In 2017/18 the status of ‘technology-enhanced learning’ (TEL) at Birkbeck, University of London moved up the organisational agenda from its usual position under the radar, to a new level of ‘under review’. Like the Open University, Birkbeck’s mission has been to create opportunities to study for groups who are usually excluded by conventional modes of provision. However, where online (‘distance’) mode teaching acts to take location out of the equation, Birkbeck opens access primarily through its timetable. The fact that our students give up the semblance of a normal life, dedicating many of their evenings to the classroom, has perhaps obscured the extent to which student life is increasingly the life of the computer, as well as of the mind.
While the option of studying an entire degree via evening classes has proven a robust and popular model, the appetite to integrate the use of digital technologies into learning and teaching at Birkbeck has steadily grown since the introduction of its first virtual learning environment or VLE, WebCT, in 2003. Subsequent VLE migrations, first to Blackboard in 2008/09, and later to Moodle in 2011/12, appear to have both accelerated and slowed the pace of adoption; but in any case, some degree of modular presence on the VLE is now far more normal than exceptional.
Evening, face-to-face mode teaching, while seen to a great extent as our ‘USP’, is only one element of our ‘student experience’ and digital practices have quietly gone mainstream. Although the question of whether blended learning is well-understood or well-defined remains unanswered (Oliver and Trigwell, 2005; Dziuban et al., 2018), it can nonetheless be described as the new normal. The typical blend at Birkbeck makes use of learning technologies to deliver learning materials and also usually to manage assessment and feedback processes including online marking, and increasingly to record lectures or create other audiovisual content. In spite of this, a narrative of the primacy of face-to-face (as well as budgetary concerns) has tended to overwrite past calls for more resource and development in the digital space. This appears set to change with the initiation of an institution-wide Student Experience Review in 2017, one strand of which focuses specifically on reviewing institutional provision, support and development of TEL.
Session content: evaluation and reflection
The proposal to review the current use of TEL came about in the light of an ’emerging appetite and opportunities for its enhancement’ (to quote the initiation document), and explicitly including both ‘people and technology – both the software solutions provided, but also the supporting arrangements in place to embed and facilitate their use’. Current usage and support structures, as well as an outward strand considering good practices across the sector, would be considered in order to inform the future vision and strategy. The review thereby identified a direction of travel, but not, at its outset, a destination, although an internal model of good practice might be proposed as a template (Havemann et al, 2013; Havemann, 2017; Havemann, in press).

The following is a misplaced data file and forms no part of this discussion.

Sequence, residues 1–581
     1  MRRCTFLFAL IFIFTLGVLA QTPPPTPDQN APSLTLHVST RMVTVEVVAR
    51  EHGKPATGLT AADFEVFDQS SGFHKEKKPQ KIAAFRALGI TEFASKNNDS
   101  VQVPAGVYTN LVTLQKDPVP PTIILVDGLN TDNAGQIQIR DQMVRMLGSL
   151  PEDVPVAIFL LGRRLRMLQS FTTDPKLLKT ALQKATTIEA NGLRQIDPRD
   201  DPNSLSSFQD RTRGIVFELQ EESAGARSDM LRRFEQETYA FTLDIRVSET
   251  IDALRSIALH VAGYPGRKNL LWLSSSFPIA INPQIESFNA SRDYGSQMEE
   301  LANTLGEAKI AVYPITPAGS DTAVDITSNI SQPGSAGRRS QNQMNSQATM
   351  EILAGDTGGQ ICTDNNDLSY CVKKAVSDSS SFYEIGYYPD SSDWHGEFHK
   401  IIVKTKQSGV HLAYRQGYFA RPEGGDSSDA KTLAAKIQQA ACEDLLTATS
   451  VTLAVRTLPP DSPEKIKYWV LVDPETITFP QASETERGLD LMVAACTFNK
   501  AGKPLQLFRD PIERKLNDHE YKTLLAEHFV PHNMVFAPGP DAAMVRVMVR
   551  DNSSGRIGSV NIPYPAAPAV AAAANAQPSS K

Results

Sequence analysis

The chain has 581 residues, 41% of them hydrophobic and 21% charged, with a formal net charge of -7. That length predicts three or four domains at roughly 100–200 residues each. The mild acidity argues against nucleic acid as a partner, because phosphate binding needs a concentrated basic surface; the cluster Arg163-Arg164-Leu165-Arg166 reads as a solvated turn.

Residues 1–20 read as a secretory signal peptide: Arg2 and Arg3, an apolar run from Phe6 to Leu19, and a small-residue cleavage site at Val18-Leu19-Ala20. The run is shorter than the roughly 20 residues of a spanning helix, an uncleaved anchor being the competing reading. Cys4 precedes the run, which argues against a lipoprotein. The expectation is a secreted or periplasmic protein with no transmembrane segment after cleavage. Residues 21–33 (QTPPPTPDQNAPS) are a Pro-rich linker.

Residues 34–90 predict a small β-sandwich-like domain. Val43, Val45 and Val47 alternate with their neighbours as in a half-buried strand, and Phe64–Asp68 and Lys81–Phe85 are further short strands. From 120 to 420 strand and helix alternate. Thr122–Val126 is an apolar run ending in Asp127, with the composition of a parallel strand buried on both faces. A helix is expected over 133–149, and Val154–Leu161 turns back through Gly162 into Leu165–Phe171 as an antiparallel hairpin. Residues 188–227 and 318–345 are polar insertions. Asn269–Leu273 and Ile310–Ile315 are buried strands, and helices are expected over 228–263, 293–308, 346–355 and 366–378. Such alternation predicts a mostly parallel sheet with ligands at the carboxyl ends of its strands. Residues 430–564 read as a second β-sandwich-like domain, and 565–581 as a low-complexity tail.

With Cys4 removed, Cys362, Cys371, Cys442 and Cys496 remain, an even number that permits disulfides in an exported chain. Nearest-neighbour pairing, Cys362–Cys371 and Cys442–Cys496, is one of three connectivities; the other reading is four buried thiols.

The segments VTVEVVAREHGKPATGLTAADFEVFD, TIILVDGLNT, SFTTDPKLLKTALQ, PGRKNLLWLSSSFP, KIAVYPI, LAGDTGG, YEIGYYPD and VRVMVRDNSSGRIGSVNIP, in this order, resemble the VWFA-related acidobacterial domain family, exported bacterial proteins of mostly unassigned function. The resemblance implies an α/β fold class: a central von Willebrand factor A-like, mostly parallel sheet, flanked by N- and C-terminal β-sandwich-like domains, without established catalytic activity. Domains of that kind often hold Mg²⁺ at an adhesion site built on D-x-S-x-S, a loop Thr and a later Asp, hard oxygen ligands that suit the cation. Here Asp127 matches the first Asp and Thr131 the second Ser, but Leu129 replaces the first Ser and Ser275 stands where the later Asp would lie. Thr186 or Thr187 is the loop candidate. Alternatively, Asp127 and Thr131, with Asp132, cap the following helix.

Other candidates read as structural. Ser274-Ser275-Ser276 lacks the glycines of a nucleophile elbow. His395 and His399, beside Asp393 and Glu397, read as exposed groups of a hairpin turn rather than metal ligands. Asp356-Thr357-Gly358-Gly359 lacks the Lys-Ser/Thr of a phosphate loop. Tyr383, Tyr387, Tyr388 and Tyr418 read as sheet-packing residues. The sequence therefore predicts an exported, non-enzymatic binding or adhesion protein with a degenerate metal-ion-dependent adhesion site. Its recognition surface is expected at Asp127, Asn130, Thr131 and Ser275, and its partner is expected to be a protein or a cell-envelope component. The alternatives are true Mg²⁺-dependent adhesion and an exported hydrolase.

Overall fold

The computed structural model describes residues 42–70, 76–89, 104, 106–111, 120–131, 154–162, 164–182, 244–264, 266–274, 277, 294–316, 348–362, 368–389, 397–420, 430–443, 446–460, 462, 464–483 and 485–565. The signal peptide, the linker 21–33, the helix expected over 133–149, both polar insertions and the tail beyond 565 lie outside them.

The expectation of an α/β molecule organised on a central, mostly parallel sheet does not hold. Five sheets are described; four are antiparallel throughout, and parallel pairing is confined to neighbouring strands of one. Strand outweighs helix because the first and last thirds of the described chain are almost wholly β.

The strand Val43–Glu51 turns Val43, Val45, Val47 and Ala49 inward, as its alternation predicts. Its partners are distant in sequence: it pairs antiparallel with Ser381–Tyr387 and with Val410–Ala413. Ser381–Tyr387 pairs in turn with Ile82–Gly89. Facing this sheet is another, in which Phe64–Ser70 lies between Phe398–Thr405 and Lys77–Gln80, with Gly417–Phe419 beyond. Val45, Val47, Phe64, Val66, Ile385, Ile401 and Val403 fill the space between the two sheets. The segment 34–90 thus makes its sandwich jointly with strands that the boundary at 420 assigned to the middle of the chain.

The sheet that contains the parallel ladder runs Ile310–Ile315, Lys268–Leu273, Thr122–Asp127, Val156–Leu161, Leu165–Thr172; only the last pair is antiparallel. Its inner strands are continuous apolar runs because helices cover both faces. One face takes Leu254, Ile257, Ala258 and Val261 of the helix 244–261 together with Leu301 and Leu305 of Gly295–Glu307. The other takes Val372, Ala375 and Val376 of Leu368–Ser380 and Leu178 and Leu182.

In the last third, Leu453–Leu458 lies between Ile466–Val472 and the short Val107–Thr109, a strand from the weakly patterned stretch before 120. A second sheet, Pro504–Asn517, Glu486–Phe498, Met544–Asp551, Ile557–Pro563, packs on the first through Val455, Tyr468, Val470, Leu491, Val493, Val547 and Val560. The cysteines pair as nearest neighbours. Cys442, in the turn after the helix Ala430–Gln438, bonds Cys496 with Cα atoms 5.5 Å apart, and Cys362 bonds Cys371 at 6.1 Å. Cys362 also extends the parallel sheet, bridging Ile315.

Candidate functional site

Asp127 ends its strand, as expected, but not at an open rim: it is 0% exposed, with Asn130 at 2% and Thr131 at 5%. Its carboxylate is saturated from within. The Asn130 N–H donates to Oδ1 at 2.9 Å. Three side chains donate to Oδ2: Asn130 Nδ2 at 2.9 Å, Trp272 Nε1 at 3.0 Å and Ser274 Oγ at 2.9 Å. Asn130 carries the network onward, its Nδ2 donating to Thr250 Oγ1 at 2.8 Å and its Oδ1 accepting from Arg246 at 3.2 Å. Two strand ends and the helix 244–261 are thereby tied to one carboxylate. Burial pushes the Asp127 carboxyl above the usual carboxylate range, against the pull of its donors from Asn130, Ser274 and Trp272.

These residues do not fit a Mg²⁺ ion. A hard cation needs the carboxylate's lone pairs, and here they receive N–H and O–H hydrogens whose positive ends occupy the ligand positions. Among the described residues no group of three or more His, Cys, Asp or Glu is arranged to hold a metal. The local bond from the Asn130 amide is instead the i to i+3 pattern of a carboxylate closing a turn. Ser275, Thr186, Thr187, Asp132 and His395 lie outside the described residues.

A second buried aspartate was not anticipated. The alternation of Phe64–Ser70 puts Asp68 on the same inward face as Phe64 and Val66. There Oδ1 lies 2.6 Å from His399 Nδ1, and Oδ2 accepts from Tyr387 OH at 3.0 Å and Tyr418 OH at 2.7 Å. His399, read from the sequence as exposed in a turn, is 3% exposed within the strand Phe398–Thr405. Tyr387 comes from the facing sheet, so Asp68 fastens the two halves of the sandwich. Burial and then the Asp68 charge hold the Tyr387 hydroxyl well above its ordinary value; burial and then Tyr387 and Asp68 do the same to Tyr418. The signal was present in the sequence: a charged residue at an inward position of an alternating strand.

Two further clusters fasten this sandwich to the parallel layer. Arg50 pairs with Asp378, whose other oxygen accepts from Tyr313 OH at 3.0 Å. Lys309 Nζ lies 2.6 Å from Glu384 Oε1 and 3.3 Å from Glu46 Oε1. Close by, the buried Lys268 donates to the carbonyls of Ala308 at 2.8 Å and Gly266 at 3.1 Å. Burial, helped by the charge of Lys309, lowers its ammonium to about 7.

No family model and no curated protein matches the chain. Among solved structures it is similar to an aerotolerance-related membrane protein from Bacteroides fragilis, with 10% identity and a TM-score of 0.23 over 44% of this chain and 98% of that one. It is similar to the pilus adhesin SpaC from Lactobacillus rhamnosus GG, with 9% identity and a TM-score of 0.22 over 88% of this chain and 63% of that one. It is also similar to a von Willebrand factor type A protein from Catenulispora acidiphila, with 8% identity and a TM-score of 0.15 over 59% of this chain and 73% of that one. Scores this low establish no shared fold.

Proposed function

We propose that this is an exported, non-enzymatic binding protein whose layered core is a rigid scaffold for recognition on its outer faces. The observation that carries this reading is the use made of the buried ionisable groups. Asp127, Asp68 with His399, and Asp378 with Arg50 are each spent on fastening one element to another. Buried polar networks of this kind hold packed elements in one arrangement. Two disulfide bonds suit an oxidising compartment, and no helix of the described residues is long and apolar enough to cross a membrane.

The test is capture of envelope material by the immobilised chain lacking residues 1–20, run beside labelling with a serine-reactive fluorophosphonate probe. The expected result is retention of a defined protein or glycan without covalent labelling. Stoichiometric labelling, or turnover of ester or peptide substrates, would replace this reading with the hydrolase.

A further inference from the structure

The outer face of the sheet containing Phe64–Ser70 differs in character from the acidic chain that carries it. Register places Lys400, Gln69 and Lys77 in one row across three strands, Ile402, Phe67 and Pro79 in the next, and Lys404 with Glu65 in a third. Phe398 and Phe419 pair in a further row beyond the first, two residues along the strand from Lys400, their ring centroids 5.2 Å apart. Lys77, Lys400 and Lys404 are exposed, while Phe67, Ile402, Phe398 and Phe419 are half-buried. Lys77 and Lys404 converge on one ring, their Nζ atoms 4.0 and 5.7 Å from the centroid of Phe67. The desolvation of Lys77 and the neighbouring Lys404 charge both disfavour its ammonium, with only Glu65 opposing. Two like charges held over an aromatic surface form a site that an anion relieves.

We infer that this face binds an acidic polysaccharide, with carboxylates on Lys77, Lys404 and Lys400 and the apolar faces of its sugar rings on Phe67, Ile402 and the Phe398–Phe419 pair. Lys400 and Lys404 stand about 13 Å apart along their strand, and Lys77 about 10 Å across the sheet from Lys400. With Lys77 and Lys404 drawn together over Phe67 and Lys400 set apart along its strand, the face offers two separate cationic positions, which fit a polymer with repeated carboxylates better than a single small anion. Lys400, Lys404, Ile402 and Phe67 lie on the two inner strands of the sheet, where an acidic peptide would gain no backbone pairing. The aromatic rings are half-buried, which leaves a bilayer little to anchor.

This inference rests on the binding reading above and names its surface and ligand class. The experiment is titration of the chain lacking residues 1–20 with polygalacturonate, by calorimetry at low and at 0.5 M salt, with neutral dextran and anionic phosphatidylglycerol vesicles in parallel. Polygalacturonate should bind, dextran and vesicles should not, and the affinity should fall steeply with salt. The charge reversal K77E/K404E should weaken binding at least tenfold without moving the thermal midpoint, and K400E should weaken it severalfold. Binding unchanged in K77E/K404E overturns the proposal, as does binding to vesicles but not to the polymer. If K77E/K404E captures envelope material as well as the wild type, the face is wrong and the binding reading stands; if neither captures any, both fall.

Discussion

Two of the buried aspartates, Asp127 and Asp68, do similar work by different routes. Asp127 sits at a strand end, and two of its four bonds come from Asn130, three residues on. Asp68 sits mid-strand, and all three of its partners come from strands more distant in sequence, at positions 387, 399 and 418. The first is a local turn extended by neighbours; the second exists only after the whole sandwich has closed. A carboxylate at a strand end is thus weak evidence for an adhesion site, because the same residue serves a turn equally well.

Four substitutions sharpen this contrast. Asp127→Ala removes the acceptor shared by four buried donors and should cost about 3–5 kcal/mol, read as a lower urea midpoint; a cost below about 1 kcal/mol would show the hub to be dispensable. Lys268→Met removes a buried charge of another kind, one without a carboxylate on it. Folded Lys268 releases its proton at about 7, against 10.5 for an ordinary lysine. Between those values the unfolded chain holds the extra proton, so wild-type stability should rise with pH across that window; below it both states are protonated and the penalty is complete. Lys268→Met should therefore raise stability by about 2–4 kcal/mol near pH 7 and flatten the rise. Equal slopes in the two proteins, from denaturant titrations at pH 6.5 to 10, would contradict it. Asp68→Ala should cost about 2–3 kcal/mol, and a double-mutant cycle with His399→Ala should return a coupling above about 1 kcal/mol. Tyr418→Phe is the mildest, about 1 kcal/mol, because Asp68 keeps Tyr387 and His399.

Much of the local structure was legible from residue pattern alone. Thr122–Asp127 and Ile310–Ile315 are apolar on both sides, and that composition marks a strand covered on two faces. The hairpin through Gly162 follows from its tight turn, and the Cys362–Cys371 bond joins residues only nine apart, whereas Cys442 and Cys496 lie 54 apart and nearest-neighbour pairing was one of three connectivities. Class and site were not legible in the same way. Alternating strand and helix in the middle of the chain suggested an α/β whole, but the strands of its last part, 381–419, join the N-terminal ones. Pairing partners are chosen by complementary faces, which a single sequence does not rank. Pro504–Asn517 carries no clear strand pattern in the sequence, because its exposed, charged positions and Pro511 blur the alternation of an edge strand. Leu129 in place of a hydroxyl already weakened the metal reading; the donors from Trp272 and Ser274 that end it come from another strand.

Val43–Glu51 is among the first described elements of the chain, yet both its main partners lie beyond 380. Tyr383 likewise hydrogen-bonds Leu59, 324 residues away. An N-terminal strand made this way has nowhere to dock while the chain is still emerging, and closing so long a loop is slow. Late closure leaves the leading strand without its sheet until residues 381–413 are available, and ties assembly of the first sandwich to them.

The TEL review consisted of two research strands:
1 Internal strand
Existing use of TEL, including review of current support, taking the form of:
Interviews with key academic staff
Online surveys for (i) staff and (ii) students
User testing for (i) staff and (ii) students
2 External strand
What is being done in other institutions? Pull together aggregated data from known surveys (such as UCISA and HeLF) and reach out to contacts at other HEIs.
This session therefore proposes to review the review. We will discuss what data has been collected and examined and outline the main findings. Through this process we were able to identify where we want to go – the session will conclude with the discussion of whether we are finally getting there.
Dziuban, C., Graham, C. R., Moskal, P. D., Norberg, A., & Sicilia, N. (2018). Blended learning: the new normal and emerging technologies. International Journal of Educational Technology in Higher Education, 15(1), 3. http://doi.org/10.1186/s41239-017-0087-5
Havemann, L. and Johnston Drew, L. and Barros, J. and Leal, J. (2013) Special blend: developing a model for technology-enhanced, flexible learning. Can We Do It? Yes We Can: HEA/SEEC Conference 2013, 22-23 Jul 2013, London, UK. Retrieved from: http://eprints.bbk.ac.uk/8710/
Havemann, L. (2017) Formative assessment for postgraduate academic skills development in arts. In Havemann, L. and Sherman, S. (eds.) Assessment, Feedback and Technology: Contexts and Case Studies in Bloomsbury. London, UK: Bloomsbury Learning Environment, pp. 49-51. Retrieved from: http://www.ble.ac.uk/ebook
Havemann, L. (in press). Open in the evening: openings and closures in an ecology of practices. In Conrad, D. and Prinsloo, P. (eds.) Ecologies of Open. Athabasca UP.
Oliver, M., & Trigwell, K. (2005). Can “Blended Learning” Be Redeemed? E-Learning and Digital Media, 2(1), 17–26. http://doi.org/10.2304/elea.2005.2.1.17